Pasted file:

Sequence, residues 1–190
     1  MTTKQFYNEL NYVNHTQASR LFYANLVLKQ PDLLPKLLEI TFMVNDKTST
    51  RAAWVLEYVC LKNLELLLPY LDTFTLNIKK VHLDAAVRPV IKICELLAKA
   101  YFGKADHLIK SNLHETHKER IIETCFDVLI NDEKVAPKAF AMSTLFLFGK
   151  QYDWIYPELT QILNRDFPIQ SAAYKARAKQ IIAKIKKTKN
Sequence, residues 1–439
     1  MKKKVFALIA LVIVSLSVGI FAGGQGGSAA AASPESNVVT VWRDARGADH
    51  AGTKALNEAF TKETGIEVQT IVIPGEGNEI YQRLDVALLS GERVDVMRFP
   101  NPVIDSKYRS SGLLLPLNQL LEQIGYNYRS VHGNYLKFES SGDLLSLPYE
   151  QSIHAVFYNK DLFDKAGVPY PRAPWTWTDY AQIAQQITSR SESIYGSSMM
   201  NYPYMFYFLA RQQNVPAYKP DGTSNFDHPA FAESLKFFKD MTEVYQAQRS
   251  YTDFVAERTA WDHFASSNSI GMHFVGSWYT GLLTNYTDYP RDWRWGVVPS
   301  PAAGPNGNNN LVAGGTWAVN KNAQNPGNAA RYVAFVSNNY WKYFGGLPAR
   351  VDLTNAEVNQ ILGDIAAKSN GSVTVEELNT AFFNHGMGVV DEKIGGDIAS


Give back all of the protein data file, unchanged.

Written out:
Sequence, residues 1–190
     1  MTTKQFYNEL NYVNHTQASR LFYANLVLKQ PDLLPKLLEI TFMVNDKTST
    51  RAAWVLEYVC LKNLELLLPY LDTFTLNIKK VHLDAAVRPV IKICELLAKA
   101  YFGKADHLIK SNLHETHKER IIETCFDVLI NDEKVAPKAF AMSTLFLFGK
   151  QYDWIYPELT QILNRDFPIQ SAAYKARAKQ IIAKIKKTKN
Sequence, residues 1–439
     1  MKKKVFALIA LVIVSLSVGI FAGGQGGSAA AASPESNVVT VWRDARGADH
    51  AGTKALNEAF TKETGIEVQT IVIPGEGNEI YQRLDVALLS GERVDVMRFP
   101  NPVIDSKYRS SGLLLPLNQL LEQIGYNYRS VHGNYLKFES SGDLLSLPYE
   151  QSIHAVFYNK DLFDKAGVPY PRAPWTWTDY AQIAQQITSR SESIYGSSMM
   201  NYPYMFYFLA RQQNVPAYKP DGTSNFDHPA FAESLKFFKD MTEVYQAQRS
   251  YTDFVAERTA WDHFASSNSI GMHFVGSWYT GLLTNYTDYP RDWRWGVVPS
   301  PAAGPNGNNN LVAGGTWAVN KNAQNPGNAA RYVAFVSNNY WKYFGGLPAR
   351  VDLTNAEVNQ ILGDIAAKSN GSVTVEELNT AFFNHGMGVV DEKIGGDIAS